The Casting Dock

The vision: casting bread, part 2

So, the news of the waitlist came via email early one morning.  I was up before Jerry and being a highly impatient person, I was checking his email, which I did most every morning that month while eagerly anticipating the news (I know that makes me sound really controlling, domineering, and maybe a little crazy obsessed, but whatever…don’t judge. I said from the beginning that I was impatient.)  Anyyyyway, I read the email, sighed a deep sigh and slouched in my chair as my eyes began welling up with tears.  I was frustrated and confused.

For one thing, I had already waited over 4 months and now I was going to have to wait at least one more. For another, we both had felt increasingly content that we would ultimately end up staying in Williamsburg.  And now that notion was very much in question. I am what I would call a “roots-oriented” person.  I like stability and the idea of really planting somewhere, so this complete uncertainty as we were approaching graduation with no jobs, no real job prospects, and no idea where we would be living (either broadly speaking as in what part of the country or narrowly speaking as in an actual apartment) was challenging for me.

As I look back on it all now, I can’t help but smile. God was so faithful.  Throughout the whole process.  But I’ll get to that.

So back to that morning.  When Jerry woke up, I told him the news.  He was definitely discouraged but took it SO much better than I did.  He left for work and I just cried.  I was so angry with God, irrationally angry.  What I call now “prideful, small-picture angry.”  I really felt like we would be staying in Williamsburg and I was dumb-founded that Jerry wasn’t accepted.  Biases aside, I thought he was a shoo-in.  He had the Dean of the College of Arts and Sciences at W&M, under which the History program falls, write one of his letters of recommendation.   How do you not get in when the Dean himself recommends you?  It’s beyond me.  And he had taken a course with the current history cohort that semester so that he could get feel for the program and that professor, on her own accord, wanted to write him an additional “strong endorsement” for his acceptance because she was so impressed with his work.

So anyway, to make a long story relatively shorter, we waited another month.  Jerry was #3 on the waitlist of 8.  The admissions people said that they always get to the first 2 people on the list and usually make it at least to number 4.  I felt like he was right on the cusp.  He prayed diligently, as he had all along, for clear direction and open doors.  And we waited.  W&M was the only option left.  By mid-April we finally got the word, or more so, the sentence: we had a large number of highly qualified applicants and we regret to inform you…rejection number six.

Lisa and Jerry in Boston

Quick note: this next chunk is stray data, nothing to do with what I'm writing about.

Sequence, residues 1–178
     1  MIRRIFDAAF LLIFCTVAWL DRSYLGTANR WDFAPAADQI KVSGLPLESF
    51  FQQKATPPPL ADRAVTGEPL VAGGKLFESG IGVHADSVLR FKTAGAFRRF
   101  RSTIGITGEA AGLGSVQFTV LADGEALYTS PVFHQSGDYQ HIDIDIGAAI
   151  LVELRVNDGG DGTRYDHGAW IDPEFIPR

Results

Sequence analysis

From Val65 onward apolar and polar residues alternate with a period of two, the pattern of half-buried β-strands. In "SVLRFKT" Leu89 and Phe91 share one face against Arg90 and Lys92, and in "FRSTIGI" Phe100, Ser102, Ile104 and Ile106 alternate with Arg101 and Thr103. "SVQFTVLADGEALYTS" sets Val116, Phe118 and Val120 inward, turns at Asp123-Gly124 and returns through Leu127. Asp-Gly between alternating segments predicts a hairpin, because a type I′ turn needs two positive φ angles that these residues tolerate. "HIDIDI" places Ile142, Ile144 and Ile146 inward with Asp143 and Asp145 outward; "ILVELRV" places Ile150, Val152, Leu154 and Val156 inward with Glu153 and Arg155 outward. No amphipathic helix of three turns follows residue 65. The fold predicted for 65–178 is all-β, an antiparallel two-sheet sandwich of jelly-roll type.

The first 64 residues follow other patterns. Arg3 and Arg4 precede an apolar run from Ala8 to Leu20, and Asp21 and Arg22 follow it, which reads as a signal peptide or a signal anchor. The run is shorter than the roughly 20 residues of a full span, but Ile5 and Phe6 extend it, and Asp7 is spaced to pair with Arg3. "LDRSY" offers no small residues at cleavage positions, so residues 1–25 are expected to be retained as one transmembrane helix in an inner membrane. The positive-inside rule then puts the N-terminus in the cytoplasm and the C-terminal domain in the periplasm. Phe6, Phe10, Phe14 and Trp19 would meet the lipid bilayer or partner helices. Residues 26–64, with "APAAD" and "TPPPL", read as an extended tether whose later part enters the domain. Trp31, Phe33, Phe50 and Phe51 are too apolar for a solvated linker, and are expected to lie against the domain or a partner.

On the streets of Cambridge

It’s funny how God changes perceptions and hearts.  During that last month of waiting, we both felt pulled back to Massachusetts.  In praying for clear direction, Jerry began praying that God would close the W&M door if that wasn’t the one for us.  He felt more pulled towards MA but didn’t want to be faced with the choice if he was admitted.  It would have been VERY hard for him to turn down the opportunity.  Within days of that prayer, God closed that door and contrary to the other rejections, this one was almost a relief.  We were both overwhelmingly content and excited about this next chapter of our lives back on the north shore of Massachusetts.

As I settled in to the idea of moving back to MA and looked back on the previous 6 months with a little more perspective, I was struck by God’s faithfulness in directly answering my prayers.  At the time, I was like a child kicking and screaming because I felt like God wasn’t answering my prayers.  But the reality was, He answered every one of them, just not in the way that I envisioned or in the timing that I desired.  I was angry with the waitlisting because I had been praying for clear direction and that just muddied the waters.  In reality though, the waitlisting was a direct answer to my persistent prayer throughout that year to build patience.  I realized that when I was praying for patience I wanted God to just miraculously give me that quality.  I didn’t realize that I would actually have to build patience. And that it would be hard and uncomfortable.  God wasn’t just going to give me patience, but He was going to give me opportunities to build patience, and that He did.  And I actually became more content in the waiting and trusting process.  Miraculously.

And we had been praying all along for clear direction and open doors.  We prayed this largely because we felt like Jerry would get in to multiple programs and we would then have to make the best choice between them.  Never did we think that he wouldn’t get in anywhere. But what better direction than closing all the doors, especially in the end when getting off the waitlist was a distinct possibility that would have made the choice significantly more difficult. Answered prayer.

So I am learning, slowly, that God knows the bigger picture and it is in my best interest to trust His plan instead of my own.  Looking back over my life, he has always delivered and yet every time, when in the midst of it all, I kick and scream that my fragment of the picture isn’t looking the way that I want.  Why don’t I just trust more fully?  They say the best predictor of future behavior is past behavior, and let’s just say that God’s track record in my life is flawless…sometimes I am just a slow learner…

Our first weekend back in Beverly, with friends at Lynch Park


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